If you owe $100,000 on your home and you have a 5% home loan, then you will pay $5,000 a year in interest to the mortgage holder. If you could deduct 30% of that, then you could deduct $1,500. Considering that property taxes, home maintenance, insurance and other associated costs would easily eat the $1,500, it doesn't make sense for the deduction only.

But, if you wanting to buy a home anyway, an extra $1,500 deduction doesn't hurt.

  • Many people would actually get no benefit at all by deducting $5,000 of mortgage interest, unless they have significant amounts of itemized deductions (see my answer) – Tony the Pony Aug 1 '11 at 13:02
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A mortgage interest deduction ENCOURAGES people to buy a home. But that's "all other things being equal." You shouldn't buy a home just for the deduction if it doesn't make sense otherwise.

Basically, it makes sense if your mortgage is slightly greater than your rent. Then the mortgage interest deduction might pull the total below the rent.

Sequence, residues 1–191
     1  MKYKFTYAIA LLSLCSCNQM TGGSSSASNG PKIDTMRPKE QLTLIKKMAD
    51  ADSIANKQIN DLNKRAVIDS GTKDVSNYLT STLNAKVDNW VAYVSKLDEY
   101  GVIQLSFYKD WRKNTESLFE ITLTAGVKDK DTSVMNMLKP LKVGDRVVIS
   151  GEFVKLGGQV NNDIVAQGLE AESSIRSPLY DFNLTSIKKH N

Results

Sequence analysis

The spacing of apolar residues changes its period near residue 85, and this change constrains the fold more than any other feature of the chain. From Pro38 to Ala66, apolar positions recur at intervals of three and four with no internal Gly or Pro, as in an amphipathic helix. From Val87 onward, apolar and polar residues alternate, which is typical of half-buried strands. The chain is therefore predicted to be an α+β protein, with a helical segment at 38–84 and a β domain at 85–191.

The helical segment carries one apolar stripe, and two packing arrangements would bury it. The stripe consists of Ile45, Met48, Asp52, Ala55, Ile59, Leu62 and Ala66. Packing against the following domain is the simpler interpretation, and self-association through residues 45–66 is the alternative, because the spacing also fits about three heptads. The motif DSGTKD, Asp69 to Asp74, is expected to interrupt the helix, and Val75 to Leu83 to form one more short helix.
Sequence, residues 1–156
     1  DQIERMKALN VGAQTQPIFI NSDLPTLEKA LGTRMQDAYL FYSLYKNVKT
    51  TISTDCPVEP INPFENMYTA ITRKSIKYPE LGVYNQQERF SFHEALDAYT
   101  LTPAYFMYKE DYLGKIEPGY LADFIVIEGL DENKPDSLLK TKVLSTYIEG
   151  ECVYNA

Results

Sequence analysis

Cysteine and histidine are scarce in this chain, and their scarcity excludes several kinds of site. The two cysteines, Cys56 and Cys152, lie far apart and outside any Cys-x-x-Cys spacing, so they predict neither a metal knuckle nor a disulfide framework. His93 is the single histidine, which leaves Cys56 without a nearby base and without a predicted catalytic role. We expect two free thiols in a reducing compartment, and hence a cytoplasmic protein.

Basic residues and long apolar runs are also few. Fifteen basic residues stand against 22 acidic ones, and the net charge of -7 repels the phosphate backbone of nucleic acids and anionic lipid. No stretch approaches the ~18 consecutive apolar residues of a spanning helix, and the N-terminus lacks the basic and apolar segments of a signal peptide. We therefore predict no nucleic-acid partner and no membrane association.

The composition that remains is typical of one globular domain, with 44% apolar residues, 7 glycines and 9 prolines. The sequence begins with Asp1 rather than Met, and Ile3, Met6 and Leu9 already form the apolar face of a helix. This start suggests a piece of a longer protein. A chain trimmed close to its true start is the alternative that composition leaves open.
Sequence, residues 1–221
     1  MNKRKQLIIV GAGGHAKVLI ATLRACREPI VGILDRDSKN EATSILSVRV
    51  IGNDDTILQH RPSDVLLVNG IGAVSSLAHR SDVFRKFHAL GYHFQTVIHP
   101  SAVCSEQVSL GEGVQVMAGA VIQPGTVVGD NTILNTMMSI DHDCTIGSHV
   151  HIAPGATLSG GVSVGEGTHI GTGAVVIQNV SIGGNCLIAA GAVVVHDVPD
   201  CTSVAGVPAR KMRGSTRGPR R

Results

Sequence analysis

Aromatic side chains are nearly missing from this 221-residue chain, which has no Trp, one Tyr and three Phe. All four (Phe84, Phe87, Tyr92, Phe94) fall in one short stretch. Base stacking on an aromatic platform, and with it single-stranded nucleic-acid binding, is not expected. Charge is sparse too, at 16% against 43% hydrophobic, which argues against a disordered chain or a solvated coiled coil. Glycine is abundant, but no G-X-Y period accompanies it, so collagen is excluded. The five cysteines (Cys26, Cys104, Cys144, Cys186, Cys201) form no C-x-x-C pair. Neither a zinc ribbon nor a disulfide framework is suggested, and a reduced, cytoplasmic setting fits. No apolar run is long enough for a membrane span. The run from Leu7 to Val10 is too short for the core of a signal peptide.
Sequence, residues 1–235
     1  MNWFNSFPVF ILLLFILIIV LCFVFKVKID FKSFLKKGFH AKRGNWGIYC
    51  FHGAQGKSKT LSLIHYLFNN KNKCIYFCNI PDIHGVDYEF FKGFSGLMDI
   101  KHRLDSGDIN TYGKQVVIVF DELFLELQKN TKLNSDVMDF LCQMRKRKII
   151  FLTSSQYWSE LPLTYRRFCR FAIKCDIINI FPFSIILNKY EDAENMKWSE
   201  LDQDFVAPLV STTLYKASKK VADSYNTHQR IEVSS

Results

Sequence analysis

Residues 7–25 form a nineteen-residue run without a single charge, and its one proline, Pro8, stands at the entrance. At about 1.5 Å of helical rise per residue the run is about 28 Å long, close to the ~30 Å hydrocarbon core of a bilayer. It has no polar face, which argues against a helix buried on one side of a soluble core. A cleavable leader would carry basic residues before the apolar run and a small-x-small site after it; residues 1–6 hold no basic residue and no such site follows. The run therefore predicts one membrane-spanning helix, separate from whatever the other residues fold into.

But if the mortgage is 1.5 to TWO times what you would pay to rent the same house, you should rent. (And invest the difference, as A.L Williams, an insurance man used to say.)

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Buying a house for the interest deduction is just as ridiculous as buying the pack of baseball cards for that stick of gum.

The rent/purchase decision should look at the cost for each, including the fact that a house has a future cost to sell if you need to move. The mortgage deduction and property tax deduction comes into play, of course, but only when the number are so close that the deduction is a tipping point to make the buy the right thing. But, just as I use the phrase "don't let the tax tail wag the investing dog," there are multiple factors to look at when buying and the small deduction is pretty low on the list.

Consider - A $250K house, so $200K mortgage. The first year, here's $8000 interest. About $4000 in property tax. (Note - the property tax will rise and the mortgage interest fall over time begging the question - Is the property tax deduction really a reason to buy a house). $12,000 total writeoff, and a $3000 tax refund for those in the 25% bracket. Take a moment to ponder this. One is going to make a $250K purchase. Should that $3000 tax refund (What if it were taken out of the tax code, no more deduction for tax or interest) sway this purchase either way?